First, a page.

The Authority was formed in 1965 as a public corporation and instrumentality of the Commonwealth. Pursuant to its enabling act ("Act" or "Enabling Act"), it may borrow money, issue bonds, and secure those bonds with pledges of revenues. P.R. Laws Ann. tit. 9 § 2004(1). In 1968, the Authority adopted Resolution No. 68-18 (the "1968 Resolution" or the "Resolution"). See Puerto Rico Highway Authority, Resolution No. 68-18, available at http://gdb.pr.gov/investors_resources/documents/FIRMDM-12808969-v1-PRHTA1968Resolution.pdf. In order to provide additional funds for the construction of roads, bridges, and other facilities, the 1968 Resolution provided for the issuance of bonds. Id. Art. II, § 201.

         The Resolution guaranteed that the Authority would "promptly pay the principal of and the interest on every bond issued," but that it would do so "solely from Revenues and from any funds received by the Authority for that purpose from the Commonwealth which Revenues and funds are hereby pledged to the payment thereof in the manner and to the extent" provided by the Resolution. Id. Art. VI, § 601. The Resolution established a special account called the "Sinking Fund," which itself contains three separate accounts: the Bond Service Account, the Redemption Account, and the Reserve Account. Id. Art. IV, § 401. The revenues (and any other pledged funds) deposited in these accounts were to be held in trust by the "Fiscal Agent," a bank or trust company appointed by the Authority, until, in the case of the Bond Service Account, they were applied to the principal and interest due on the bonds. Id. Art. IV, § 402. Pending the application of these funds, the Resolution provided that the money "shall be subject to a lien and charge in favor of the holders of the bonds . . . and for the further security of such holders until paid out or transferred." Id. Art. IV, § 401. Peaje is the beneficial owner of various bonds issued pursuant to the 1968 Resolution, with maturity dates ranging from 2023 to 2036. Peaje's basic position is that it holds, as security for its bonds, a lien on toll revenues generated from three specific highways maintained by the Authority. It further contends that its lien extends not just to toll revenues currently held by the Fiscal Agent, but also to the Authority's toll revenues before they are deposited with the agent.[1]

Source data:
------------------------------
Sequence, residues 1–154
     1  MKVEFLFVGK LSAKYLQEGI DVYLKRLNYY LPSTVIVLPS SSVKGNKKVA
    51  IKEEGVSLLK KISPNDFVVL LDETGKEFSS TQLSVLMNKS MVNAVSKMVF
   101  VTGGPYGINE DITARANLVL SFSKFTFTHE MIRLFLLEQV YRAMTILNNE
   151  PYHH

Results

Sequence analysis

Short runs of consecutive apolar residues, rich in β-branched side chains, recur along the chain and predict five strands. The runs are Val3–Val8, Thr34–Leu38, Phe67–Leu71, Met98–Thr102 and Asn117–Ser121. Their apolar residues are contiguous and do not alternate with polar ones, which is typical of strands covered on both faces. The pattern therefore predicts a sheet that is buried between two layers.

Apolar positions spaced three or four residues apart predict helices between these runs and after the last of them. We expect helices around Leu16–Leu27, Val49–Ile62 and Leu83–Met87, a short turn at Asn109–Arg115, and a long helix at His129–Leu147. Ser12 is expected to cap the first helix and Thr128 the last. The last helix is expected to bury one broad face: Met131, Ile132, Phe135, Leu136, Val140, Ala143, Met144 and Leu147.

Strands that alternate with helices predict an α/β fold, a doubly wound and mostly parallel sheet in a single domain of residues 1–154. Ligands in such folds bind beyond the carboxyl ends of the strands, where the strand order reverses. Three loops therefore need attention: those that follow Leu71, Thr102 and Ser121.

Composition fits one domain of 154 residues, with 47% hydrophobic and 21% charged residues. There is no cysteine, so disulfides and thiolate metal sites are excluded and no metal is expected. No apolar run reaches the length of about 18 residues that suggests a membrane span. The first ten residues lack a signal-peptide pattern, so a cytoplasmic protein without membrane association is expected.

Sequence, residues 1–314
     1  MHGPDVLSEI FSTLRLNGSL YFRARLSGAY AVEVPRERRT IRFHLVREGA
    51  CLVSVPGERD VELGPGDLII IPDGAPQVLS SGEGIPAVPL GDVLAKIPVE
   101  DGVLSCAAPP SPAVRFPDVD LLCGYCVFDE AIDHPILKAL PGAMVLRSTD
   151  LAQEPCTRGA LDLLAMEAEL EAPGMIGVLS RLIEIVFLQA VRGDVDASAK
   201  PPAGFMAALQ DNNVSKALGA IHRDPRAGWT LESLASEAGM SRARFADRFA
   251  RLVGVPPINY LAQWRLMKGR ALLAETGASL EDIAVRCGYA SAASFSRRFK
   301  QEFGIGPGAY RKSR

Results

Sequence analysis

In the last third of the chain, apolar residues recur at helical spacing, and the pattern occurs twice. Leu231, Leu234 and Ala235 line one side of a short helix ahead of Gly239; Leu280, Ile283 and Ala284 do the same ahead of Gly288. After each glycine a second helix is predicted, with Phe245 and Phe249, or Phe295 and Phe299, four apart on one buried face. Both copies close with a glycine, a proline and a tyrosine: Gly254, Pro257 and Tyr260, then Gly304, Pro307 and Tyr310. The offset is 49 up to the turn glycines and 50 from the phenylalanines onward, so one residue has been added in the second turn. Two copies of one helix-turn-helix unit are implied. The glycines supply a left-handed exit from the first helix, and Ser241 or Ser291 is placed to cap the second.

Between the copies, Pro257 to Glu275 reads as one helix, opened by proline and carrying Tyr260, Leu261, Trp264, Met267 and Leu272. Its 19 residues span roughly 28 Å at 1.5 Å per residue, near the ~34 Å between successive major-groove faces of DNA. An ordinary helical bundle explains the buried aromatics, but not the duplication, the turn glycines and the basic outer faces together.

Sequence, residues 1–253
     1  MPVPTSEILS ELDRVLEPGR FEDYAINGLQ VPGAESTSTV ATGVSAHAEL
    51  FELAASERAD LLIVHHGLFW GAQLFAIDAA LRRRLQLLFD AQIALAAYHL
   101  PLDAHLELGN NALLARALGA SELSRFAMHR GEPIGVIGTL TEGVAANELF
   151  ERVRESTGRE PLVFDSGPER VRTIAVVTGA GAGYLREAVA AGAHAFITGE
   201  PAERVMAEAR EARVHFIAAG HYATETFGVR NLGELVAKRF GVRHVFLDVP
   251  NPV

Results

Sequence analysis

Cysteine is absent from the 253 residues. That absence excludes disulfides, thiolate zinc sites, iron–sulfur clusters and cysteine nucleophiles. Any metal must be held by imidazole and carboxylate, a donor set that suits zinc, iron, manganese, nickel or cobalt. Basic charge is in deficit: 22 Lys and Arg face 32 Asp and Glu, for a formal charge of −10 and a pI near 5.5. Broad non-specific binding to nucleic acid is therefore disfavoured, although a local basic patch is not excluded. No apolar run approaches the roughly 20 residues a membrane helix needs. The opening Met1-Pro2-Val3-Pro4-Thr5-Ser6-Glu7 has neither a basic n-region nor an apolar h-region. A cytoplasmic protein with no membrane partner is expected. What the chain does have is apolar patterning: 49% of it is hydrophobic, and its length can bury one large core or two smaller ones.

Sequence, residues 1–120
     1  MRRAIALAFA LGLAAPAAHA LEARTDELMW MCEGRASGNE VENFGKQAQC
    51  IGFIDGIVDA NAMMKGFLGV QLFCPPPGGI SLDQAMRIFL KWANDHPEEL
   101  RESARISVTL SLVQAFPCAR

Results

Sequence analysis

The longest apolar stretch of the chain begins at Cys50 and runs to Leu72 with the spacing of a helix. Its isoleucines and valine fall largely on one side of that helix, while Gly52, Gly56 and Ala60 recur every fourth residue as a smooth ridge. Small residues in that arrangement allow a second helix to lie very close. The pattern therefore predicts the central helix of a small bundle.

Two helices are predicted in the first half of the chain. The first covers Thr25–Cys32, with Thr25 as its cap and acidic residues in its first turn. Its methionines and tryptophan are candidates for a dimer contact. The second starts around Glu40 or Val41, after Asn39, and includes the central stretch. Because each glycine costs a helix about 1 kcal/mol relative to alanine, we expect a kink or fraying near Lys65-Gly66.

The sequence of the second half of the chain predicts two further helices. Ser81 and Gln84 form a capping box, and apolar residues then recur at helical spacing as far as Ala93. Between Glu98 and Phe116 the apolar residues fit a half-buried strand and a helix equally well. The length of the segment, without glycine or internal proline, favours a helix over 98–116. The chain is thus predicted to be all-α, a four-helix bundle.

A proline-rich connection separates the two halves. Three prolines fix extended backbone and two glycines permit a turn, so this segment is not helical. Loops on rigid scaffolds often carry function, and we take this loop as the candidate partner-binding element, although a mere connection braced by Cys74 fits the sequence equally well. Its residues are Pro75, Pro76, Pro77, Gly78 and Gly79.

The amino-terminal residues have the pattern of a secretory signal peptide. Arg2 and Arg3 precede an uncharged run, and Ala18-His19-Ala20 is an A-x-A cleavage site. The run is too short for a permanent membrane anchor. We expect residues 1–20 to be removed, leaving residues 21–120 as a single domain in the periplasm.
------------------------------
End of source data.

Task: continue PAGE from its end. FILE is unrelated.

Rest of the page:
In April 2016, in response to growing economic problems in Puerto Rico, the Commonwealth enacted the Puerto Rico Emergency Moratorium and Financial Rehabilitation Act, pursuant to which then-Governor Alejandro García-Padilla issued several executive orders that suspended the Authority's obligation to deposit toll revenues with the Fiscal Agent. Peaje contends that, as a result, the Authority and the Commonwealth began using the toll revenues for purposes other than those allowed by the Resolution, including to pay operating expenses. In July 2016, Peaje filed suit in district court to challenge this diversion of funds. But Congress had just enacted PROMESA, instituting a temporary stay of all proceedings against the Commonwealth and its instrumentalities. See 48 U.S.C. § 2194(b). Peaje therefore requested relief from the temporary stay, pursuant to PROMESA section 405(e)(2), 48 U.S.C. § 2194(e)(2), patterned after section 362(d) of the bankruptcy code ("Code"), 11 U.S.C. § 362(d). The district court denied relief, Peaje Invs. LLC v. Garcia-Padilla, Nos. 16-2365-FAB, 16-2384-FAB, 16-2696-FAB, 2016 WL 6562426, at *6 (D.P.R. Nov. 2, 2016), and we affirmed in relevant part, Peaje Invs. LLC v. García-Padilla, 845 F.3d 505, 514, 516 (1st Cir. 2017) (Peaje I).

         After PROMESA's temporary stay expired, Peaje filed a second action in district court in May 2017 seeking similar relief. But soon afterward, the Authority, acting through the Financial Oversight and Management Board, filed a bankruptcy petition under Title III of PROMESA. (The Commonwealth had already filed its Title III petition.) This petition triggered an automatic stay (this time for the pendency of the bankruptcy case) of all actions against the Authority, including Peaje's second suit. See 11 U.S.C. §§ 362(a), 922(a); see also 48 U.S.C. § 2161(a) (incorporating 11 U.S.C. §§ 362(a) and 922(a) into PROMESA).[2]Peaje then timely exercised its right to file an adversary proceeding seeking declaratory and injunctive relief in the jointly administered bankruptcy cases of the Authority and the Commonwealth.[3]